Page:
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Madcap Medicine: The Life and Art of Louis Crusius, M.D.

Louis Crusius illustration for the 1897 Antikamnia Chemical Company calendar
Louis Crusius illustration for the 1897 Antikamnia Chemical Company calendar
Louis Crusius illustration for the 1898 Antikamnia Chemical Company calendar
Louis Crusius illustration for the 1898 Antikamnia Chemical Company calendar
Louis Crusius illustration for the 1899 Antikamnia Chemical Company calendar
Louis Crusius illustration for the 1899 Antikamnia Chemical Company calendar
Louis Crusius illustration for the 1900 Antikamnia Chemical Company calendar
Louis Crusius illustration for the 1900 Antikamnia Chemical Company calendar
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Louis Crusius, M.D.

Dr. Louis Crusius (1862-1898), the oldest of nine children of Ludwig and Emilie Crusius, was a native of Sauk City, Wisconsin. At fifteen, he became a printer’s apprentice in the newspaper office of his father who published the local German daily. He then went to Texas to work in the drugstore of his uncle, a physician and pharmacist. About 1880, he moved to St. Louis, Missouri, where he graduated from the St. Louis College of Pharmacy in 1882. For a time, he was part owner of the drugstore of Scheel and Crusius at the corner of 14th Street and Clark Avenue, with Gustav Scheel, his brother-in-law. 

The show-windows of his drug store always displayed six or eight of his comic watercolor sketches. None of these remained more than a week of so, being replaced by newer creations. The partnership continued until he graduated from the St. Louis College of Physicians and Surgeons in 1890 and entered the practice of medicine. He was lecturer and professor in histology at the Marion Sims Medical College, a precursor to the St. Louis University Medical Department.

Whatever the artist saw, heard or thought was likely to be developed into a picture that spoke for itself. He sketched this cartoon on a post card to Frederick S. Haeberle who gave the following account: “My first circumcision case came along & as I had not yet a C. clamp among instruments, Dr. C. offered to loan me his. The card was just a little reminder that Dr. C. needed his clamp. He also had gotten a case.”

A card sent by Dr. Crusius to a colleague who had borrowed a surgeon's clampIn 1893, he published The Funny Bone, a compilation of jokes and 150 cuts from his comic drawings. Thereafter, he produced many more original artworks, some of which were sold and used for advertising purposes. Most notable were those sold to the Antikamnia Chemical Company for The Antikamnia Calendars, 1897-1901 (see top slideshow for images). The company’s name, Antikamnia, means “opposed to pain” and its Antikamnia tablets were a patent medicine that reduced fever and relieved pain. Like Dr. Crusius, the company’s founders were graduates of the St. Louis College of Pharmacy. The calendars were a limited edition sent to doctors upon request.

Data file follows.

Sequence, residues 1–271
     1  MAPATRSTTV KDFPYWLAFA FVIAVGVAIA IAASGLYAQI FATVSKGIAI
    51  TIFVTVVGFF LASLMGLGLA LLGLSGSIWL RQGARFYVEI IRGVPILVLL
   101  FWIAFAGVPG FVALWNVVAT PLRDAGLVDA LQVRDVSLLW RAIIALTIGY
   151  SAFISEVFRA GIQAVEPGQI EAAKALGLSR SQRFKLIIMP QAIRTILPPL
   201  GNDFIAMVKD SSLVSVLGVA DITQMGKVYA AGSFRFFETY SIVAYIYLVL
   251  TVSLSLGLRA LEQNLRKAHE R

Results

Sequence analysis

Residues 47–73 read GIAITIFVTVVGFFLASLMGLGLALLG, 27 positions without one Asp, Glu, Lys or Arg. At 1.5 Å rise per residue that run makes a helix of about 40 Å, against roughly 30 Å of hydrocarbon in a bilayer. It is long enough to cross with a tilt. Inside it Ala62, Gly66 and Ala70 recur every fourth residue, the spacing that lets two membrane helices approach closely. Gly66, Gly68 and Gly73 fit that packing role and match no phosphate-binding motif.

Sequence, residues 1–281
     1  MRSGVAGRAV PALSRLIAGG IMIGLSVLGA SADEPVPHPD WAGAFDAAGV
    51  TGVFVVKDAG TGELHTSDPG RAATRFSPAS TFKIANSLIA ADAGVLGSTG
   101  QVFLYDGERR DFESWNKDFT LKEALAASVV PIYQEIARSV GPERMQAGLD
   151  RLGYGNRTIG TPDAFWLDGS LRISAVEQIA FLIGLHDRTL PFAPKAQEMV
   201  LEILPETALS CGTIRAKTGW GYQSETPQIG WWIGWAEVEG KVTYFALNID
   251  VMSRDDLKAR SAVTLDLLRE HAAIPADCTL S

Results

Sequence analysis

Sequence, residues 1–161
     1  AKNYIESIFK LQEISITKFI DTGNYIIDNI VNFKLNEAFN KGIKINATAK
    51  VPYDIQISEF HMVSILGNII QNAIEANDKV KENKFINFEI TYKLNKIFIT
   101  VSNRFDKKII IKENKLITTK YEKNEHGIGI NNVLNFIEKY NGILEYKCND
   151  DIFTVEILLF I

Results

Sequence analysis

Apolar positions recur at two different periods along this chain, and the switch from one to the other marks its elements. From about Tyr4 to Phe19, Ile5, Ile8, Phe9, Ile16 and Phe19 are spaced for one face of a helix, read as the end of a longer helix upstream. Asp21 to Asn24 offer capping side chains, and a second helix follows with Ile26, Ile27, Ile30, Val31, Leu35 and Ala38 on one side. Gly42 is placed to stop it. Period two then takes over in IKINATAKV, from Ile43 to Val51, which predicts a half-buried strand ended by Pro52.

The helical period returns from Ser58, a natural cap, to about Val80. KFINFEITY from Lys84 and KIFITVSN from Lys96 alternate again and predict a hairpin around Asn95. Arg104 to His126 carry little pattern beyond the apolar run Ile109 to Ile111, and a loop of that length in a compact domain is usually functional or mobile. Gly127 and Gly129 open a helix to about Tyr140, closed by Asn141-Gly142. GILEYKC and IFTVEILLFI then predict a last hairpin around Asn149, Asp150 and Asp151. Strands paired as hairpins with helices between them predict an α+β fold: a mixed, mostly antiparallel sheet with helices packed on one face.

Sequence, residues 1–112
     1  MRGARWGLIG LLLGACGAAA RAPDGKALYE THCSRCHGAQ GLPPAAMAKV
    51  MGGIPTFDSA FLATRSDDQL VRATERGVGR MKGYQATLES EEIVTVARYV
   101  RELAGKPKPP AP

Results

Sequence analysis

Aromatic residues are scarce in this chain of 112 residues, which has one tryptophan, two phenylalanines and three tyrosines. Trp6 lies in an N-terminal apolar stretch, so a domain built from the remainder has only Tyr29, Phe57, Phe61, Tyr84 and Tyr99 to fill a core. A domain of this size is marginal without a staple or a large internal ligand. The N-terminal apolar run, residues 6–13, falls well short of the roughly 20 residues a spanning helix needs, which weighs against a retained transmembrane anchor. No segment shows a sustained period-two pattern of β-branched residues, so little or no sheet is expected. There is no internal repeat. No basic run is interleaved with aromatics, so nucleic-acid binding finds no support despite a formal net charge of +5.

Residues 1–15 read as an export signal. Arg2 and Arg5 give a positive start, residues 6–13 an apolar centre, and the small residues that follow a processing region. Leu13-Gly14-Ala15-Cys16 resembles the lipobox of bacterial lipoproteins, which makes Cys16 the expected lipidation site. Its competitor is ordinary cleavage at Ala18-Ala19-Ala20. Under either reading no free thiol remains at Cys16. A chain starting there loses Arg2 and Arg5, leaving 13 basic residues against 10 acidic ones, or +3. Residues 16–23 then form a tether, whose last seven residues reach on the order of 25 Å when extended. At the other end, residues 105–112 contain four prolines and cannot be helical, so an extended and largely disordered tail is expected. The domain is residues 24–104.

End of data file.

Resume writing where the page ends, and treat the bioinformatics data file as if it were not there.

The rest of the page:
Many of The Antikamnia Calendars appeared after his untimely death in St. Louis on January 2, 1898. Louis Crusius was thirty-five years old when he died of a renal cell carcinoma (hypernephroma), discovered during an exploratory operation.

In 1933, Robert E. Schlueter, a medical colleague and friend, delivered at a faculty seminar at St. Louis University on “The art and humor of Dr. Louis Crusius.” Many examples of the artist’s work were on display as part of the seminar. An illustrated article about Crusius and the seminar about him appeared in the St. Louis Post-Dispatch. What happened to the original art pictured in the article is not known. What remains are publications illustrated by Louis Crusius in various libraries. Many of these are part of the Louis Crusius artifacts collection, 1893-1933, a visual collection given by the St. Louis Medical Society to the Bernard Becker Medical Library.

A page from Louis Crusius' The Funny Bone

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Sources:

“Dr. Louis Crusius by Robert E. Schlueter,” January 24, 1933

“The pictorial pranks of Dr. Louis Crusius by Guy Forshey.” St. Louis Post-Dispatch, February 5, 1933

Images from the Louis Crusius artifacts collection (VC217)

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